From the Battlefront to the Bridal Suite: Media Coverage of British War Brides, 1942-1946

By Lumsden, Linda J. | Journalism History, Spring 2008 | Go to article overview

From the Battlefront to the Bridal Suite: Media Coverage of British War Brides, 1942-1946


Lumsden, Linda J., Journalism History


Friedman, Barbara G. From the Battlefront to the Bridal Suite: Media Coverage of British War Brides, 1942-1946. Columbia: University of Missouri Press, 2007. 154 pp. $29.95.

Some 70,000 British women married the dashing American soldiers who blanketed their nation during World War II. This slim volume, a richly contextualized if somewhat abbreviated account of a slice of women's life during the war, adds a fresh twist to the growing body of scholarship that illuminates women's role in wartime.

Lest you think the topic smacks of a romance novel, understand that the sole commonality found among news coverage was that all of the periodicals surveyed blamed women for spreading venereal disease, which skyrocketed as the American forces rose to 1.65 million men by the eve of D-Day. U.S. military service magazines warned soldiers away from British women by framing them as predators out for the Americans' relatively posh pay, while between the lines the magazines encouraged male promiscuity. As Yank headlined a 1942 story, "Don't Promise Her Anything-Marriage Outside the U.S. Is Out."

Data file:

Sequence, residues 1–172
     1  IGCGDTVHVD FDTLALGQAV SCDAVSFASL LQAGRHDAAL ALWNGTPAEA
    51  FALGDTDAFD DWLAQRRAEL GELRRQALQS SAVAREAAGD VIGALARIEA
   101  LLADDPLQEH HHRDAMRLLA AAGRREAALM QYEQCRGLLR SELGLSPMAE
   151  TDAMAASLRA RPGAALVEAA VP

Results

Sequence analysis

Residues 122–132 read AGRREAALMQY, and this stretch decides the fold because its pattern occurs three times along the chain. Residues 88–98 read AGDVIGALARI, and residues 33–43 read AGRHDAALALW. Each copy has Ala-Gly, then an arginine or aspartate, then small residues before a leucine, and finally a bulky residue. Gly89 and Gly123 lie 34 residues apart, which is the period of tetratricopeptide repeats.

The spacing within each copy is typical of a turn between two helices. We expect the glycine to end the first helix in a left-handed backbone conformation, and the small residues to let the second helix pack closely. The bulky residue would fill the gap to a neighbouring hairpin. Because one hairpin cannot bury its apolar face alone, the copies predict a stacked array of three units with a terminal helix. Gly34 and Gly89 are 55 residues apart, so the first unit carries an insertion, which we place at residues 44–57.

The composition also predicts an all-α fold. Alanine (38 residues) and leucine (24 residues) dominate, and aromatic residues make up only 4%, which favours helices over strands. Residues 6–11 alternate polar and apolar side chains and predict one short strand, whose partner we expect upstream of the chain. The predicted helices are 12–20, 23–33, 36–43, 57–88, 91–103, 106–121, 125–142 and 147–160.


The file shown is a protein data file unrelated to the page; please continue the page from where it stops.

Friedman, an assistant professor in the School of Journalism and Mass Communication at the University of North Carolina, skillfully weaves framing theory, textual analysis, and feminist scholarship to argue that well-entrenched assumptions about gender permeated every angle of war-bride coverage in U.S. and British periodicals. She compared two American and two British service magazines; the New York Times, The Times of London, and the London Telegraph; and two women's magazines, one American and one British. She also offers war-bride stories from Ladies Home Journal, Life, Reader's Digest, and Time. The media accounts are augmented by letters and archival materials from places such as the Imperial War Museum in London, the American Red Cross, and the Home Intelligence Reports of the National Archives in London.

Friedman's findings support earlier scholarship that argues "ideals concerning gender are closely related to notions of political identification and citizenship." Those notions often were paradoxical, such as the British government's massive media campaign encouraging women to socialize with U.S. soldiers as a patriotic duty. At the same time, public discourse admonished women to remain chaste until British men returned home. In fact, as many as 100,000 American soldiers a month were guests in British homes, and others were billeted in the homes of married women whose husbands were fighting overseas.

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From the Battlefront to the Bridal Suite: Media Coverage of British War Brides, 1942-1946
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